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What is Dyslexia?

Dyslexia is a specific learning disability. People with dyslexia have difficulty separating the individual sounds in words. This makes learning to read and spell words difficult. It also makes it difficult to read quickly and smoothly.

What Dyslexia is Not

People with dyslexia see things as other people do. They do not see things backwards or reverse letters, as is commonly thought.

Interesting Facts

  • Between 15-20% of people have some characteristics of dyslexia.

  • Dyslexia runs in families

  • Dyslexia occurs in all languages

Signs of Possible Dyslexia


  • Delayed speaking in early childhood

  • Finding the right word

  • Reading words

  • Spelling

  • Learning letters and sounds

  • Reading quickly and smoothly

  • Memorizing facts, including math facts

A student on a computer with headphones

What Should I Do if I Suspect My Child May Have Dyslexia?

Email or call your child’s teacher and/or the school counselor or principal and share your suspicions.

Your school will contact you to schedule a Child Find meeting within 10 days. At this meeting the team, which includes the parent(s), will decide whether or not to evaluate to look for a learning disability.

Assistive Technology

Many students with dyslexia will benefit from the use of assistive technology. Assistive technology includes speech-to-text software, text-to-speech software, word prediction software, grammar check software, audio books, and on-line graphic organizers. These tools allow some students with dyslexia to use their comprehension and creative and critical thinking skills without the barriers they may experience with written text.

Google Read and Write

  • Text-to-speech for words, phrases, passages, or entire documents

    • Highlights the words being read to allow for the student to follow along.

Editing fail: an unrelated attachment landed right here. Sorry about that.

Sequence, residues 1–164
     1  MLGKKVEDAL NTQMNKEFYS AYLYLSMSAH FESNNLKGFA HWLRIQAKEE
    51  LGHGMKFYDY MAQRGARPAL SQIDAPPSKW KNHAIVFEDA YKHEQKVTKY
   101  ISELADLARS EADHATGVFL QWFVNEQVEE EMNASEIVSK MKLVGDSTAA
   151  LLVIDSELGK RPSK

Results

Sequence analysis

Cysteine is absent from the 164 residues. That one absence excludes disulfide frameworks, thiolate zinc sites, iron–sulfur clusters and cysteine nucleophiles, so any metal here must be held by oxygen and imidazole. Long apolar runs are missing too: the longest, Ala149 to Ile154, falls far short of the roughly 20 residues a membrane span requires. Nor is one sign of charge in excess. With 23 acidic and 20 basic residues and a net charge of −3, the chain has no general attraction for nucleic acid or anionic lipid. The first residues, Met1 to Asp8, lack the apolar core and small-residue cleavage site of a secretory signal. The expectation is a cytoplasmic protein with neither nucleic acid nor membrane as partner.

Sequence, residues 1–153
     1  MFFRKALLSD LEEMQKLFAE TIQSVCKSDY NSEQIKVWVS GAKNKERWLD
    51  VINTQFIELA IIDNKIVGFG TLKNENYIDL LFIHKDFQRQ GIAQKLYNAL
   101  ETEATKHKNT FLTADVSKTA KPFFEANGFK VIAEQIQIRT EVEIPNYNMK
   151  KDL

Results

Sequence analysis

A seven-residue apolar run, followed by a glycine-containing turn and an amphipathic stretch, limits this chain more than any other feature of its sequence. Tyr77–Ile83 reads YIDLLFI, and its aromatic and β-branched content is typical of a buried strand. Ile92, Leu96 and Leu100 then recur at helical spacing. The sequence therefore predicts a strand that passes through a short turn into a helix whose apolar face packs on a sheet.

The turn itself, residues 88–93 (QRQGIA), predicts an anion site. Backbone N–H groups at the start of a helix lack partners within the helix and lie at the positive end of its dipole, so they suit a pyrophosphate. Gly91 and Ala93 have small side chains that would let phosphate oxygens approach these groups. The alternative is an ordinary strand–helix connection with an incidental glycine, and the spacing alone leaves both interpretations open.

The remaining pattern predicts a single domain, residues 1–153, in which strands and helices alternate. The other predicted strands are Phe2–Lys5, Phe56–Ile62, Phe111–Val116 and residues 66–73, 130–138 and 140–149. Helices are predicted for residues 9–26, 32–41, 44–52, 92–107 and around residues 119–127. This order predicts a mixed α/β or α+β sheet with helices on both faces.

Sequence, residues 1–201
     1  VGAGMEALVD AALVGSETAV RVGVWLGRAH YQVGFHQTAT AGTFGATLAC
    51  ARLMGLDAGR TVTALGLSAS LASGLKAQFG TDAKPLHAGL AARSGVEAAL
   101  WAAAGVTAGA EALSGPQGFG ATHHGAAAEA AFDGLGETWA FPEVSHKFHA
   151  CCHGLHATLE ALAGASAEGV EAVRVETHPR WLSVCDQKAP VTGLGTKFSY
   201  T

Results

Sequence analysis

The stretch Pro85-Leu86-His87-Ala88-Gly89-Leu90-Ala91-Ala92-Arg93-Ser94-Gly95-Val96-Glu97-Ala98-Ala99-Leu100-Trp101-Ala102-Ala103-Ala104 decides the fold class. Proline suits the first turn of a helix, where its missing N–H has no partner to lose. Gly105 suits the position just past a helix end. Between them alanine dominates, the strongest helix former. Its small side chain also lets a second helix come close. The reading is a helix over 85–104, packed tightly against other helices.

• Speech-to-text

  • Word prediction

  • Collects highlights from multiple documents for research

  • Create voice notes

  • Text and Picture dictionaries

Accommodations to Consider

Accommodations should always be based on the particular needs of the student.

  • Read aloud or access to audio versions of text

  • Extended time for assignments

  • Copies of notes provided after student attempt

  • No penalty for spelling errors (except on spelling tests or final drafts)

  • Speech to text software

  • Graphic organizers for comprehension and writing

  • Preferential seating

  • Clarify written directions

  • Visual prompts and reminders


  • Audio and digital (and print and large text) versions of novels and textbooks

Child Find Process

If, someone suspects a disability and makes a referral. This can be as simple as an email or phone call.

Then, within 10 days: Child Find Meeting: A team (parent(s) and school staff) meet to review the referral and data to decide whether or not to evaluate.

If, the team decides not to evaluate, the parent will receive an explanation of the reasons behind the decision and a copy of the Procedural Safeguards.

If, the team decides to evaluate for a disability, the parent will receive a copy of the Procedural Safeguards. A parent will need to consent to evaluation of the child.

Then, within 65 days or the referral: Eligibility Meeting: The parent will be provided with the evaluation report at least 2 business days before the eligibility meeting. The team (parent(s) and school staff) will meet to determine whether or not the child is eligible as a child with a disability in need of special education.

If, the team decides the child is not eligible. The parent will receive an explanation of the reasons behind the decision and a copy of the Procedural Safeguards.

If, the team (school staff and parent(s)) decides the child is eligible. An IEP will be developed within 30 calendar days. The parent will receive a copy of the IEP at the IEP meeting or within 10 calendar days and a copy of the Procedural Safeguards.

Child Find Process flowchart

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